Phila. Pharma Company Fails to Nix Class Action

, The Legal Intelligencer

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A class action brought against Hemispherx Biopharma by its shareholders has survived a motion to dismiss in federal court in Philadelphia.

Shareholders claimed securities fraud against the small Philadelphia-based pharmaceutical company after stock prices plummeted following the failure of the company's flagship drug to get approval from the U.S. Food and Drug Administration.

"The defendants are sophisticated scientists running a regulated, publicly traded corporation; they are alleged to have misrepresented their regulator's feedback, misrepresented the legal context in which they operated, heralded scientific results which they knew to be the product of empirically faulty procedures and manipulated statistical analysis, and claimed a level of external review that simply did not exist," said U.S. District Judge William H. Yohn Jr. of the Eastern District of Pennsylvania in his opinion in Frater v. Hemispherx Biopharma.

"If the defendants have good-faith explanations for these misstatements such as to make the inference of scienter less than strong, they do not emerge from the complaint," Yohn said.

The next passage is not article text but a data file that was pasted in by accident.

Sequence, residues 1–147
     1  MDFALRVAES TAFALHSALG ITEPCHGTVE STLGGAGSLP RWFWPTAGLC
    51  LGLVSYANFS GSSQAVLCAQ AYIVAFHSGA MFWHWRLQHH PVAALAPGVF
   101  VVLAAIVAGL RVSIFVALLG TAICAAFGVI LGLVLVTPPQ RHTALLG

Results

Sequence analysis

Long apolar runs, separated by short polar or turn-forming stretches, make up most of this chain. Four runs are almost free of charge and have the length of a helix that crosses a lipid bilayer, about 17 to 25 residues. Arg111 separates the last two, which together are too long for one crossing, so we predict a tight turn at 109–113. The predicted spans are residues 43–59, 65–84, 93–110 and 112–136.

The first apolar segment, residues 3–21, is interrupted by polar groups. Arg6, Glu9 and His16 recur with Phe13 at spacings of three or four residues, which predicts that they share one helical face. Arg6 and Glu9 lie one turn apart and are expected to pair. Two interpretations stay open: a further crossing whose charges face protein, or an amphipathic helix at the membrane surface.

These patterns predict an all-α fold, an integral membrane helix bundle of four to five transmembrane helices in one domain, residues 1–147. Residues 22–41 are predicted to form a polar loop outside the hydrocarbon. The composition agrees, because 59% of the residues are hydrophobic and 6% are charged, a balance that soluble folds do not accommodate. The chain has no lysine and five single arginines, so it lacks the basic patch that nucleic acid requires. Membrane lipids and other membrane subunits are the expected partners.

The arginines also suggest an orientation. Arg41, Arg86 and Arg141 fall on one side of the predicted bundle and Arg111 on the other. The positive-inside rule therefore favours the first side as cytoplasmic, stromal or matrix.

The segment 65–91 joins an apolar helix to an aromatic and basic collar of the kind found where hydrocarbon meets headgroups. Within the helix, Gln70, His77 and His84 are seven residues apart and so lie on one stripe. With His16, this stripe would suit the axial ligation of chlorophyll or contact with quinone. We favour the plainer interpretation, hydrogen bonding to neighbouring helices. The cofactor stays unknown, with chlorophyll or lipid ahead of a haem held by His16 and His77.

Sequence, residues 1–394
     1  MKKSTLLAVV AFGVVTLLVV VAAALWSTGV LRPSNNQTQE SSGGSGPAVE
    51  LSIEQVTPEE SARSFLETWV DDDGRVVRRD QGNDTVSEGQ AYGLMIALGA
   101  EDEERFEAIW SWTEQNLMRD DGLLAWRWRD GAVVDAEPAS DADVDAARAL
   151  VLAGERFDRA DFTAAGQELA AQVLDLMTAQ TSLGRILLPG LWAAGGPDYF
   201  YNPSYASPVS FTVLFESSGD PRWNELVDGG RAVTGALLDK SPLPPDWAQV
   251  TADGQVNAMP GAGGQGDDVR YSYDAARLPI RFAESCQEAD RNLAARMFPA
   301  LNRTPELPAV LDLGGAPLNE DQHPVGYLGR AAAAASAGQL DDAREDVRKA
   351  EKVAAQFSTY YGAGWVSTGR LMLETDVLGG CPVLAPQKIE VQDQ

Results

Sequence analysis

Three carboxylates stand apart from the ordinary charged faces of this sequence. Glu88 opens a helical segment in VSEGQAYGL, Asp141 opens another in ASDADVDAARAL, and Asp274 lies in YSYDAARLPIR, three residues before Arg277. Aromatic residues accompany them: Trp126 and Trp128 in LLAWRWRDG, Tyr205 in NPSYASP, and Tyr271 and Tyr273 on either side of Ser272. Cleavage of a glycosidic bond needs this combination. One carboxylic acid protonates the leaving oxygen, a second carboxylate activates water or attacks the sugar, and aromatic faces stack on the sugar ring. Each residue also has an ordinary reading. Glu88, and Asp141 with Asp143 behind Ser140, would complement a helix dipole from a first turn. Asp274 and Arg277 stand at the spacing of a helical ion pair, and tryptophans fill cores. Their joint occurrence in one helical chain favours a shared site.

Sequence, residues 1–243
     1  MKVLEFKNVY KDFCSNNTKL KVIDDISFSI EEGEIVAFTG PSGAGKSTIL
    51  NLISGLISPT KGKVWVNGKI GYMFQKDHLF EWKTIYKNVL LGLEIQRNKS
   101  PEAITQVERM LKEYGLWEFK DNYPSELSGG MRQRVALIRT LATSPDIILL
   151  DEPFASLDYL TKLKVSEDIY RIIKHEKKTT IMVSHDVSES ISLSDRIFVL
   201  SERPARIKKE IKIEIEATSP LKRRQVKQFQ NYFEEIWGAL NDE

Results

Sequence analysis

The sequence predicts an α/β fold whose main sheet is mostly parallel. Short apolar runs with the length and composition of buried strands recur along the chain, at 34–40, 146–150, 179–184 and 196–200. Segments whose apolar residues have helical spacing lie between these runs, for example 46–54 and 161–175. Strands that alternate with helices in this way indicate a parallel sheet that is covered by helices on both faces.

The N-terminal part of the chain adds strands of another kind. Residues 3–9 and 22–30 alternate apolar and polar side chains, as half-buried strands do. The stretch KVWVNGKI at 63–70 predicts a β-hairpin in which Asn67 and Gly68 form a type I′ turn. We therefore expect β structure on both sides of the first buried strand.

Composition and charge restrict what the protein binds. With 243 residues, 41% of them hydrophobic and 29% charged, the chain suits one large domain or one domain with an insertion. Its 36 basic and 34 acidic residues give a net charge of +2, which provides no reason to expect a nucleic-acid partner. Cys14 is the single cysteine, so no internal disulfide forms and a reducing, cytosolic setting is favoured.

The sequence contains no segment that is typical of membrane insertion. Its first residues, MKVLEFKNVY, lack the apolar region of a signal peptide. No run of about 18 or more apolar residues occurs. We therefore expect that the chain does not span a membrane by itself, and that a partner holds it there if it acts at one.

Yohn said the plaintiffs' complaint pleaded enough facts to raise the inference that executives in the company spoke with scienter when they assured shareholders about the likelihood of success for the company's biggest drug in an appeal to the FDA.

"This all gives rise to an inference of scienter that is both cogent and compelling," Yohn wrote.

The drug, called Ampligen, was developed by Dr. William Carter, president and chairman of the board for Hemispherx, while he was a university researcher in the 1970s, according to the opinion. It is meant to treat chronic fatigue syndrome.

The first trial that the company held for the drug was in 1990, which had various flaws noted by the FDA, according to the opinion. That trial was followed, almost a decade later, in 1997, by a second trial that was also flawed. The first was called AMP 502 and the second was called AMP 516.

Hemispherx started the process for getting approval for Ampligen in 2007 by submitting to the FDA a new drug application, called an NDA for short.

In 2009, the FDA told the company that it wouldn't be approving the drug.

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